Learning to Mountain Bike: 3. Attitude adjustment
One could argue that this is perhaps the most important quality to bring to any adventure, especially when you’re feeling outside of your comfort zone. This time I promised to be gentle to myself–to not get mad when I couldn’t make it up a short hump hill or when I had to dismount to walk across a section of gnarly roots. I made a commitment to smile even when it got tough, and be thankful to be enjoying an outdoor activity on a day when it finally stopped raining. A cool, cloudy day is perfect for bicycling and the trails dry out super quickly at KT thanks to the sandy soil on Darling Hill (which is really a glacial esker). Get it while the gettin’s good, my friends. That’s how we roll in New England.
Learning to Mountain Bike: 4. Stop and enjoy the view
One of the amazing things about Kingdom Trails is the overall geography that provides a glorious backdrop to the activity itself. This is hands-down a stunning place to recreate. Bemis is a green circle trail that runs along the Darling Hill ridgeline. You might be inclined to skip that trail, thinking “I’m way too cool for that green circle kiddie school,” but don’t make that mistake. The views are breathtaking. There are farms, sweeping green fields, Burke Mountain Ski Area, and the Green Mountains to see. And try to take a snack break at the Darling Hill Chapel. It feels like a little piece of heaven there.
Learning to Mountain Bike: 5. Don’t forget dessert
Call it “Cassie’s Law”: Any hard activity must be rewarded with ice cream. Or pizza & beer down the road at the Trout River Brewery. Or all of the above! But in my case, I shot straight for Chappy’s in East Burke village. You can’t miss this cute little ice cream shack right by the bridge to the East Darling Hill Road in town. I ordered a creemee (which is what we Vermonters call soft serve) while Charlie happily indulged in a milkshake.
We sat by the river, feeling the muscle soreness set in and watching a multitude of eager Quebecois ready their bicycles in the parking lot behind East Burke Sports. Then we packed up and vowed to come back and stay overnight for a full weekend of mountain biking.
If you go…
One thing is for sure: weekends are busy. I’d suggest you arrive early to avoid the Canadian crush. The very active community of mountain bikers in Quebec seem very willing to forsake their own great trails in the Eastern Townships and come to Vermont for the great biking. Can’t say I blame them. Fortunately, the Quebecois and other out-of-state travelers tend to be late risers and early mornings at KT are pretty quiet.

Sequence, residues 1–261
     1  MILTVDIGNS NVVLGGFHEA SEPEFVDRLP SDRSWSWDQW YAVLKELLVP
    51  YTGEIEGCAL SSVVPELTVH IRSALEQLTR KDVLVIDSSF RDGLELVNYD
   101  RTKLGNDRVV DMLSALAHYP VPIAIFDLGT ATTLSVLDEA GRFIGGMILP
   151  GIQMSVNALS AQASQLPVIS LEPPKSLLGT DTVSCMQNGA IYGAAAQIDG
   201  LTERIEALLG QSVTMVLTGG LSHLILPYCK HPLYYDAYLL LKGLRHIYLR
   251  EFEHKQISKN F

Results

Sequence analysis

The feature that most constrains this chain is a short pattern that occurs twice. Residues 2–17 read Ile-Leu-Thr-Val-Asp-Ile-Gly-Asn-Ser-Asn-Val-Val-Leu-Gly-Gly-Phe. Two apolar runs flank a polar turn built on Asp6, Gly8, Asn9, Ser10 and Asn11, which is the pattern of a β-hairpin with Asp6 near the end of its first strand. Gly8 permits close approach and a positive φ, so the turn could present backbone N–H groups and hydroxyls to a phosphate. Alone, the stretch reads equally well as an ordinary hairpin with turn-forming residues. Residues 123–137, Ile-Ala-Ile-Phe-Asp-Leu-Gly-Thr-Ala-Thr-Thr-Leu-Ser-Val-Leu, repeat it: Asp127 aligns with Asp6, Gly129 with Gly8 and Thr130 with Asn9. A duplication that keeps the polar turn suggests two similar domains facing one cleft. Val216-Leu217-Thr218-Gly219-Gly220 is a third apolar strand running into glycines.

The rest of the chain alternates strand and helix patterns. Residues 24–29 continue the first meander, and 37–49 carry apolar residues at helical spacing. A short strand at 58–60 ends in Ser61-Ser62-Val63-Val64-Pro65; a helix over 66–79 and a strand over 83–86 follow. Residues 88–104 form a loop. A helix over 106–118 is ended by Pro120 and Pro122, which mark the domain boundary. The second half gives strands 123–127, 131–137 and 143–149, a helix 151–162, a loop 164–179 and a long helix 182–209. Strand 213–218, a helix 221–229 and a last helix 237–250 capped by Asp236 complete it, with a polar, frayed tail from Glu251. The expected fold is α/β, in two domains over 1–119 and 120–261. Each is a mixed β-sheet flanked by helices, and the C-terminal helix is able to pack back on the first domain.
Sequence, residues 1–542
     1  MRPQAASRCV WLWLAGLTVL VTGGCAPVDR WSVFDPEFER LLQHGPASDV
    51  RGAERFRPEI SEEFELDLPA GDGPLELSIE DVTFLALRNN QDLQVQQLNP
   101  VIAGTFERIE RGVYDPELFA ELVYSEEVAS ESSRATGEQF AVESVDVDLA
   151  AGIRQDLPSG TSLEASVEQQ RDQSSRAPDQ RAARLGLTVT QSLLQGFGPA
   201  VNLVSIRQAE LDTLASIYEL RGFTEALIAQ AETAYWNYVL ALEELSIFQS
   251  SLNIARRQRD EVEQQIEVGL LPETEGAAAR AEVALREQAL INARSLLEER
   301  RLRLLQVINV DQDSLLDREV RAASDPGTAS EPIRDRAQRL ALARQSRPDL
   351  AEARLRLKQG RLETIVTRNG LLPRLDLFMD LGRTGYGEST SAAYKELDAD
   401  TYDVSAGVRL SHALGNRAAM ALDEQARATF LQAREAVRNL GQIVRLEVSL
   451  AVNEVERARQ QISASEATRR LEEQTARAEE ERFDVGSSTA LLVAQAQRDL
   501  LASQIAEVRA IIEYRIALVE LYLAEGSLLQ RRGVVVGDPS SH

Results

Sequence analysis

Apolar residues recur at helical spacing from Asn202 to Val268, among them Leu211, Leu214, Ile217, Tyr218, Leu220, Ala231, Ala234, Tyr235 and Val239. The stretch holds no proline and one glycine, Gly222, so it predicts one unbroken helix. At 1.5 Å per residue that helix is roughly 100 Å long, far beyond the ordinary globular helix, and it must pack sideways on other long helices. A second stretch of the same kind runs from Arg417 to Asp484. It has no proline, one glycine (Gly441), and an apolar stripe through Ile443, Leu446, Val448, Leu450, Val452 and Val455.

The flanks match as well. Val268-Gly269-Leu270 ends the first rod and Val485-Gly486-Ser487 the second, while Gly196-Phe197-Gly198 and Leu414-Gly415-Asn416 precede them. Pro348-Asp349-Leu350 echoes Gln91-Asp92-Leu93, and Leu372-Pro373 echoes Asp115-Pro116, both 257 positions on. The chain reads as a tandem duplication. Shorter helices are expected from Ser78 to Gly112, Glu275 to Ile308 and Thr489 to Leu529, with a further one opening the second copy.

Please note the parking instructions on the Kingdom Trails website. Maintaining good relations with the private landowners and small-town businesses here is critically important. Trail passes are required ($15 for a day ticket) and support the nonprofit Kingdom Trail Association that maintains these trails in such wonderful condition.
Be aware, there is no general use water spigot in the Kingdom Trails office or general store, so be sure to fill up your hydration bladder before arrival. We were a little surprised to find that the Kingdom Trails office didn’t have any bike tools/pumps/wash stations/bathrooms available, but then we learned that there are some tools for use along with a wash station for that muddy mountain bike behind East Burke Sports.
There are numerous inexpensive camping options in the local area for making a weekend out of the trip, including one right up the road at Burke Mountain ski area. Looking for a classic Vermont inn right on the trails? Try the Wildflower Inn or Inn at Mountain View Farm–both are smack on the trails, offering bike-and-stay packages and ridiculously picturesque views from atop Darling Hill Road.